As a parent, especially a techie one, you never know when a teachable moment is going to appear. Last night, I mentioned that I was testing a new Ruckus access point and enthused about how fast it was. My 12-year-old asked, “why is it so fast?” This led to a wonderful discussion about radio waves, congestion and propagation, and spectrum licensing. Yeah, I’m that kind of dad.
I started by explaining a little bit about radio waves generally. “There are radio signals that are very low frequency, with a long wavelength, as well as those that are very high frequency.”
“What do you mean? What are radio signals?”
“Radio signals are like waves in water,” I said. My wife, the science teacher, quickly brought up a picture of the electromagnetic spectrum as an illustration. “There are tiny, ultra-high-frequency gamma rays and x-rays, as well as light waves in the middle and lower frequency radio waves.”
“So there are radio waves all around us right now?”
“Radio signals are like light, only in a color you can’t see,” I explained. “Every radio device sends it signals out in all directions, hoping an antenna will pick them up. And the spectrum of all these frequencies is divided up into segments like television channels.”
Big mistake: My TiVo-raised kids have no idea what a television channel is. But they had some idea about radio stations and could understand that different frequencies could contain different information.
So I transitioned into a discussion of congestion. “The phone and the computer are like flashlights, but it’s hard to see a flashlight in a bright room. If the room has blue lights, and you turn on a red flashlight, it will be obvious. But a blue one would be almost invisible!”
“So why is 5 GHz Wi-Fi so much faster than our old network,” asked the kids.
“There are 2 reasons,” I answered. “First, the 2.4 GHz spectrum used by regular Wi-Fi is really crowded, with lots of devices sharing it. Even telephones, cameras, and microwave ovens use that frequency! Second, 5 GHz has a lot more space for everyone to share, so much that you can even use wider channels.”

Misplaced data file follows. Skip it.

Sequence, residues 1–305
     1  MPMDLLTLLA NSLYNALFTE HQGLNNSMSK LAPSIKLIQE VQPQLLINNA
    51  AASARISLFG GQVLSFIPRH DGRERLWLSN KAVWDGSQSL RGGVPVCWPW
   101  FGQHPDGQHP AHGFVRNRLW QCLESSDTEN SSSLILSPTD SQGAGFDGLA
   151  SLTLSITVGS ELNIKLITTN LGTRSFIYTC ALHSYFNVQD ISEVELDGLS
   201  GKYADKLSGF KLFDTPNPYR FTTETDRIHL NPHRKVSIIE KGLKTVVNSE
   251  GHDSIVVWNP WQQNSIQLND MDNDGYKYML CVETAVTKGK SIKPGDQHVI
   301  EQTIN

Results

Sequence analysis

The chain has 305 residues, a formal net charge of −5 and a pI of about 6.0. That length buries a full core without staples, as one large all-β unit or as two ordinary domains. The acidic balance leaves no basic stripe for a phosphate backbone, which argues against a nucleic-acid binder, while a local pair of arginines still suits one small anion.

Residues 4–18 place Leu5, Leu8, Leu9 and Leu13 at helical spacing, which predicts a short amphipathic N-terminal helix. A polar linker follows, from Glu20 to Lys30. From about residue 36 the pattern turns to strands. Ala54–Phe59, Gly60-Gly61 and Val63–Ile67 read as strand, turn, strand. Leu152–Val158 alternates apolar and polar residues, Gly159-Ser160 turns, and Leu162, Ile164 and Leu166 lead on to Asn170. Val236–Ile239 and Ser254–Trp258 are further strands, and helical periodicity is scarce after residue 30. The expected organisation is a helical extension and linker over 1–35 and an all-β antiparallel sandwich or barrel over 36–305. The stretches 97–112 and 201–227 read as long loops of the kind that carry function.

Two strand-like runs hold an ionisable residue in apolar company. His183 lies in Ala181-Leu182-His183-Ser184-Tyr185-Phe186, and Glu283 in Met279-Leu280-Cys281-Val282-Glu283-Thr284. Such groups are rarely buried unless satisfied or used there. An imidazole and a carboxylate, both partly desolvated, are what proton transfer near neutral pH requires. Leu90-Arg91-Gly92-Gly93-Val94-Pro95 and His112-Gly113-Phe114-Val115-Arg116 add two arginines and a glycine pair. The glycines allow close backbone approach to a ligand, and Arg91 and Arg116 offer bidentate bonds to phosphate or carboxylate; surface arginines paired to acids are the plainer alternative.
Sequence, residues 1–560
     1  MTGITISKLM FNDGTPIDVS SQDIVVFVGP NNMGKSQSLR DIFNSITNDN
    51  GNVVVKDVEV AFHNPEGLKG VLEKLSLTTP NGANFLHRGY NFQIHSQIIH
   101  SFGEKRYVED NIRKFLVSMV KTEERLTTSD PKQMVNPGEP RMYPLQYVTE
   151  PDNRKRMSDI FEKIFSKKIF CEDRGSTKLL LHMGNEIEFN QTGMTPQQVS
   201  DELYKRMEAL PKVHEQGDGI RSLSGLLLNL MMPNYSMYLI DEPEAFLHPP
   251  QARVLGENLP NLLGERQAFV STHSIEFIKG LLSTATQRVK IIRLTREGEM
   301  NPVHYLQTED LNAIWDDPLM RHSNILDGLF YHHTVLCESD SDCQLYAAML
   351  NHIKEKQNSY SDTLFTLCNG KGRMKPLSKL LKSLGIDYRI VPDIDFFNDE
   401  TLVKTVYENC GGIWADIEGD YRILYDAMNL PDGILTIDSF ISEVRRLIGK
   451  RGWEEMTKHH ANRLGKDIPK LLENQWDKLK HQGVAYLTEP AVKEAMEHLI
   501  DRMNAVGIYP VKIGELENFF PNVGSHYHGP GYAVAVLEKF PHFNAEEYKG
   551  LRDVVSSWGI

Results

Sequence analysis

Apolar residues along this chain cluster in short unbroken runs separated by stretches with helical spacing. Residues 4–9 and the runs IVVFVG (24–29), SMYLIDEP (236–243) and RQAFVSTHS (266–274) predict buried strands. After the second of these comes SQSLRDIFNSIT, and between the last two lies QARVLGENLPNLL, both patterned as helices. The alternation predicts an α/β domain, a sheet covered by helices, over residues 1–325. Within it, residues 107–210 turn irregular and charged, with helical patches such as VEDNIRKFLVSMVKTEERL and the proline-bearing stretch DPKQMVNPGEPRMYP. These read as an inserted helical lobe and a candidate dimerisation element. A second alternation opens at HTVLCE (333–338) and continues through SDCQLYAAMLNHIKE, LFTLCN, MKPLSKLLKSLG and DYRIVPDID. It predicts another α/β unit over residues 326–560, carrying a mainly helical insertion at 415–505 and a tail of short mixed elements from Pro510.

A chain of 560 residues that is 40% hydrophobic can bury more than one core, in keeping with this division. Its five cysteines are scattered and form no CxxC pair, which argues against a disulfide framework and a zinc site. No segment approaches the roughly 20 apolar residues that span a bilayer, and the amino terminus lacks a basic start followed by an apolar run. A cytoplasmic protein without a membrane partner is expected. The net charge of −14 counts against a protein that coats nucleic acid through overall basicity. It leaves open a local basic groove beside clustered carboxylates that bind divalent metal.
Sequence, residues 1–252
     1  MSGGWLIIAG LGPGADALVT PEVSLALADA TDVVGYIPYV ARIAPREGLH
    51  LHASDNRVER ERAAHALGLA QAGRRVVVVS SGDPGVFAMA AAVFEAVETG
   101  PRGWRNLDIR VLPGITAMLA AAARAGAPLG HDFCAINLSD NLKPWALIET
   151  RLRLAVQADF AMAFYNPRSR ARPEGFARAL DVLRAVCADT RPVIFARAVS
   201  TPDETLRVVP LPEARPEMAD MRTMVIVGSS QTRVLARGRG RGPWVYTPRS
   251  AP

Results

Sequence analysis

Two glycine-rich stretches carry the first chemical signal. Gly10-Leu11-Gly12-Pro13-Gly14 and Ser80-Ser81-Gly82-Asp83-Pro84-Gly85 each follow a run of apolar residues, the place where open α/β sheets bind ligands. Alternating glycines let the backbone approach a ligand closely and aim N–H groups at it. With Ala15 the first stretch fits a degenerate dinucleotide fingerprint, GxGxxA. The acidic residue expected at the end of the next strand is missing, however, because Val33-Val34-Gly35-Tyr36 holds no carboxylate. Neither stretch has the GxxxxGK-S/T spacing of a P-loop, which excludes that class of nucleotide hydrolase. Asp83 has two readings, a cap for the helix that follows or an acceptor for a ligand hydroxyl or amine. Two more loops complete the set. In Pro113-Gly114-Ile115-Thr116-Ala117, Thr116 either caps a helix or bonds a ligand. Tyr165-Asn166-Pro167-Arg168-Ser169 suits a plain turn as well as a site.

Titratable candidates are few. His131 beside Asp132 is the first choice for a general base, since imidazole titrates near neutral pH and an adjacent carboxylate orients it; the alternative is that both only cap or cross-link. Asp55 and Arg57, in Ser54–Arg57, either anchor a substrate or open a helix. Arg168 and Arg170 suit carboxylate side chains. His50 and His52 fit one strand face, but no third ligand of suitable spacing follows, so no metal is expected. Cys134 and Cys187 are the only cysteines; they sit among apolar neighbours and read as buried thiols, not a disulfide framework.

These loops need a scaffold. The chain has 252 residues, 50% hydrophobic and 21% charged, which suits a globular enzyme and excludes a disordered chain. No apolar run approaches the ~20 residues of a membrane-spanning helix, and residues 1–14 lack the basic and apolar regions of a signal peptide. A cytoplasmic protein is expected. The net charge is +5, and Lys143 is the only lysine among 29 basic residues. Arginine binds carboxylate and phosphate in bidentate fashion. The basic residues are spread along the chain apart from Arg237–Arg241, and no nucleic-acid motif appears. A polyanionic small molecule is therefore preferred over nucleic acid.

“Why don’t they just make more space for regular 2.4 GHz Wi-Fi?”
“They can’t! There’s just too many other people using radio signals around there, and they can’t move them around. The same thing happened in 900 MHz, and it might eventually happen in 5 GHz, too,” I explained. “It’s important that someone regulate who uses what frequency or it would be chaos. Imagine if anyone could drive in any direction anywhere on the highway!”
“It would be pretty cool to be able to see radio waves,” one of the kids commented.
“You can,” I answered. “A friend of mine makes a little device you plug into the computer, and it allows you to see all the signals in the 2.4 GHz and 5 GHz bands. It’s used by Wi-Fi engineers to plan networks. My friend gave me one, if you’d like to see it!”
I grabbed my laptop and Wi-Spy DBx card, started VMware Fusion, and launched MetaGeek’s Chanalyzer application. In a few minutes, I had a screen full of signals in the 2.4 GHz range. Although we live in a quiet suburb with large lawns, there were dozens of devices sharing that paltry spectrum.
I then switched over to the 5 GHz band. After a moment, we saw our first 5 GHz signal. Then we saw some more, all clustered around channel 100. A quick option click on the Wi-Fi icon in the menu bar showed us that the Ruckus access point was indeed using channel 100. The only signal in the entire 5 GHz band was our own access point!
After a while, we did see some others stray signals in the 5 GHz band. But Chanalyzer gave a wonderful visual demonstration of the contention in 2.4 GHz and the wide open spaces in 5 GHz.
I was even able to demonstrate the wider channels used by the Ruckus access point and my MacBook Pro. The kids walked away with a better understanding of electromagnetic waves, radio devices, and the rules that govern their use. Special thanks to Tech Field Day sponsors, Ruckus Wireless and MetaGeek for making this little demonstration possible!
Disclaimer: Ruckus Wireless and MetaGeek gave me the products mentioned in this post free of charge as part of Tech Field Day. I still may have had this conversation without them, but I wouldn’t have had such exciting visuals!